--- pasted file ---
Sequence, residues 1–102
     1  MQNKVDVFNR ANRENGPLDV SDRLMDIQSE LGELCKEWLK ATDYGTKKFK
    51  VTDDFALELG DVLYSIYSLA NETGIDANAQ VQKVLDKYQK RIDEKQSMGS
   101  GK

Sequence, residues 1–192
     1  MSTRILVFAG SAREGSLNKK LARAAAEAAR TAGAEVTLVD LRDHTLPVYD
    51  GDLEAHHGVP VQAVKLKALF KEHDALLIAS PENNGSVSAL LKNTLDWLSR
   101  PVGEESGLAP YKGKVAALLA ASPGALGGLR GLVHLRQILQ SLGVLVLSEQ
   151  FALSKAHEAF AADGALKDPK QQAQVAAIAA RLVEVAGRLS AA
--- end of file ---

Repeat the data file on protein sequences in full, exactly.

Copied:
Sequence, residues 1–102
     1  MQNKVDVFNR ANRENGPLDV SDRLMDIQSE LGELCKEWLK ATDYGTKKFK
    51  VTDDFALELG DVLYSIYSLA NETGIDANAQ VQKVLDKYQK RIDEKQSMGS
   101  GK

Sequence, residues 1–192
     1  MSTRILVFAG SAREGSLNKK LARAAAEAAR TAGAEVTLVD LRDHTLPVYD
    51  GDLEAHHGVP VQAVKLKALF KEHDALLIAS PENNGSVSAL LKNTLDWLSR
   101  PVGEESGLAP YKGKVAALLA ASPGALGGLR GLVHLRQILQ SLGVLVLSEQ
   151  FALSKAHEAF AADGALKDPK QQAQVAAIAA RLVEVAGRLS AA